This site provides tools for solution of numerical problems in multiscale phenomena in three dimensions (3D). The most common example of such problem is Fast Fourier Transform (FFT), which is an important algorithm for simulations in a wide range of fields, including studies of turbulence, climatology, astrophysics and material science. Other algorithms of importance include Chebyshev transforms and high-order finite difference compact schemes.

Parallel Three-Dimensional Fast Fourier Transforms, dubbed P3DFFT, as well as its extension P3DFFT++, is a library for large-scale computer simulations on parallel platforms.This project was initiated at San Diego Supercomputer Center (SDSC) at UC San Diego by its main author Dmitry Pekurovsky, Ph.D.

This library uses 2D, or pencil, decomposition. This overcomes an important limitation to scalability inherent in FFT libraries implementing 1D (or slab) decomposition: the number of processors/tasks used to run this problem in parallel can be as large as N2, where N is the linear problem size. This approach has shown good scalability up to 524,288 cores.


P3DFFT is written in Fortran90 and is optimized for parallel performance. It uses Message Passing Interface (MPI) for interprocessor communication, and starting from v.2.7.5 there is a multithreading option for hybrid MPI/OpenMP implementation. C/C++ interface is available, as are detailed documentation and examples in both Fortran and C. A configure script is supplied for ease of installation. This package depends on a serial FFT library such as Fastest Fourier Transform in the West (FFTW) or IBM's ESSL. The library is available from its github page.


P3DFFT++ is the next generation of P3DFFT (versions starting with 3.0). It extends the interface of P3DFFT to allow a wider range of use scenarios. It provides the user with a choice in defining their own data layout formats beyond the predefined 2D pencil blocks. It is written in C++ with C and Fortran interfaces, and currently uses MPI. The library can be found at P3DFFT++ github space. See P3DFFT++ Tutorial and P3DFFT++ reference pages in C++, C and Fortran.

The following table compares P3DFFT family 2.7.6 and 3.1.0 (P3DFFT++).

Feature P3DFFT 2.x P3DFFT++
real-to-complex and complex-to-real FFT Yes Yes
complex FFT No Yes
sine and cosine transforms In 1 dimension Yes
Chebyshev transform In 1 dimension No
pruned transforms Yes No
In-place and out-of-place Yes Yes
Multiple grids No Yes
Hybrid MPI/OpenMP Yes No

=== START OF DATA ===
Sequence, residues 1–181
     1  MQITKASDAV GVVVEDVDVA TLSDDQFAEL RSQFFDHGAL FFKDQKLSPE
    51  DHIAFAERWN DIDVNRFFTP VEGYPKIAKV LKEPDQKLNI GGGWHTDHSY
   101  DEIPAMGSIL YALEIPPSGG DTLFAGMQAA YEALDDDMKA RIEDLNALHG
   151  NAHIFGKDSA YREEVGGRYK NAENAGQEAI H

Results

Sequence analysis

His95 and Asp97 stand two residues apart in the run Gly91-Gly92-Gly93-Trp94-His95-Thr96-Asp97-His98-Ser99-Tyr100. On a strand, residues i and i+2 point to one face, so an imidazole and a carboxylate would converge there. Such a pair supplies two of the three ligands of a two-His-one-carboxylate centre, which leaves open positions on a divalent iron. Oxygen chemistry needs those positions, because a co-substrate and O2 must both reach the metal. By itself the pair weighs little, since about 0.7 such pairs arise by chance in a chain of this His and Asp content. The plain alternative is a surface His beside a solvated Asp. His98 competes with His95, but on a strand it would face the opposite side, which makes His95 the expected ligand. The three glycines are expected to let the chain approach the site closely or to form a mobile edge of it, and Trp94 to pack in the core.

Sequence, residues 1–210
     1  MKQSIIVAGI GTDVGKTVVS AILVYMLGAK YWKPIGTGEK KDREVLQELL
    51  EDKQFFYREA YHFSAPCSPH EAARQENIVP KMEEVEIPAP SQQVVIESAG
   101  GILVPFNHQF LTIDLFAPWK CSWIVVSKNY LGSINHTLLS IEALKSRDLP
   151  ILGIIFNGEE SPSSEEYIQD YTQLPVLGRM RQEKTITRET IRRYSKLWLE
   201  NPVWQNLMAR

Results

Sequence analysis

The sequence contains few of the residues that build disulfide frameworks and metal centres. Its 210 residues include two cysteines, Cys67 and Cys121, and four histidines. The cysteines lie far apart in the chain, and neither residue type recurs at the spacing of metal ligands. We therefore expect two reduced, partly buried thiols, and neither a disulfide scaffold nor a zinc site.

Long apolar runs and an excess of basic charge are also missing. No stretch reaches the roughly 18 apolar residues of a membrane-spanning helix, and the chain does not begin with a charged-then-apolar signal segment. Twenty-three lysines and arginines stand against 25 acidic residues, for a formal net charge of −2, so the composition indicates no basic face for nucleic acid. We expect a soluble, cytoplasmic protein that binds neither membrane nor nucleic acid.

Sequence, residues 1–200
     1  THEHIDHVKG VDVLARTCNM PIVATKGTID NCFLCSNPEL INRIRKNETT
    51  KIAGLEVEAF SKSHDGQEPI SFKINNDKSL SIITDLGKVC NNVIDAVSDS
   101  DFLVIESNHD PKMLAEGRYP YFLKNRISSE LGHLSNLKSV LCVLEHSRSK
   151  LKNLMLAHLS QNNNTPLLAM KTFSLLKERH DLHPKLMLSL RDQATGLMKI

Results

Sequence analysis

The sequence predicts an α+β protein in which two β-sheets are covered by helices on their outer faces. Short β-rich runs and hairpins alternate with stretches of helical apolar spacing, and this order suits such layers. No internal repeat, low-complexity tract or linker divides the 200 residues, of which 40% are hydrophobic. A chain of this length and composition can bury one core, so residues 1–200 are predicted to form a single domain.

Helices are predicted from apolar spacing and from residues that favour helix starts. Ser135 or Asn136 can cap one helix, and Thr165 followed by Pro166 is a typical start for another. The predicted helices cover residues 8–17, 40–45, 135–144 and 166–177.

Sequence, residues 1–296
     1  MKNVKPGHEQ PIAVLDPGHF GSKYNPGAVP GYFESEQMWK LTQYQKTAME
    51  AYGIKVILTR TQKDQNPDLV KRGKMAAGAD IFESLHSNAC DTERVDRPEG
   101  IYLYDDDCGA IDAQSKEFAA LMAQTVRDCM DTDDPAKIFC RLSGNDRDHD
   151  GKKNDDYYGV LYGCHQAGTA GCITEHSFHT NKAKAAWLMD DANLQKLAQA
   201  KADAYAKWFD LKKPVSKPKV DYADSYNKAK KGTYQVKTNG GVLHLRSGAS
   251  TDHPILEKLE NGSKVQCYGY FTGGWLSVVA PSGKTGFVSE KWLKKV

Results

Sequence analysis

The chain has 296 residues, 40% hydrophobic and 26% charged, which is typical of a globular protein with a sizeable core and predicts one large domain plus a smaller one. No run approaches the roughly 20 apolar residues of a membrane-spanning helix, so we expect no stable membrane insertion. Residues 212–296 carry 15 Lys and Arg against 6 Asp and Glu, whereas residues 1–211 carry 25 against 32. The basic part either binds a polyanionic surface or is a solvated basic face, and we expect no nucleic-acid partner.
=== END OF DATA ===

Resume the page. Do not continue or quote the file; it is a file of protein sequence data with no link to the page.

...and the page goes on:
License of use

This software is provided for free for educational and not-for-profit use under a UCSD license. License terms can be seen here. Users are requested to complete optional registration when downloading this software, and also acknowledge the use as below.  

Citation information

Please acknowledge/cite use of P3DFFT as follows: D. Pekurovsky, P3DFFT: a framework for parallel computations of Fourier transforms in three dimensions, SIAM Journal on Scientific Computing 2012, Vol. 34, No. 4, pp. C192-C209. This paper can be obtained here.

To cite the software directly you can also use DOI for P3DFFT v. 2.7.9:  DOI

Version History


2.7.2 - 2.7.9 - Added multithreaded capability (MPI/openMP); additional example programs; bug fixes; C++ support

2.7.1 - Added multi-variable transforms (p3dfft_ftran_r2c_many, p3dfft_btran_c2r_many)

2.6.1 - Added pruned transforms

Added user-defined communicator

2.5.1 - Added cosine/sine/Chebyshev/empty transform in addition to Fourier


3.0.0 Basic framework for a most general data layout complete. Interfaces and test programs in C, C++ and Fortran.

3.1.0 Bug fixes. S light change in API. Processor grid is now separate from data grid. Each has its own class. A dditional examples, such as 2D FFT with an empty transform in the third dimension. E xamples of user Makefiles showing how P3DFFT++ can be linked against user's code. C heck of correctness of forward transform results in tests (in addition to checking results after forward/backward transform pair).


Be sure to subscribe to the project mailing list where you can discuss topics of interest with other users and developers and get timely news regarding this library. You can also reach the main author Dmitry Pekurovsky here.

We are interested to hear your experiences and suggestions for future releases. Please let us know if you are interested in collaborating and/or contributing to future development of the library.

This project is supported by National Science Foundation grant OAC-1835885.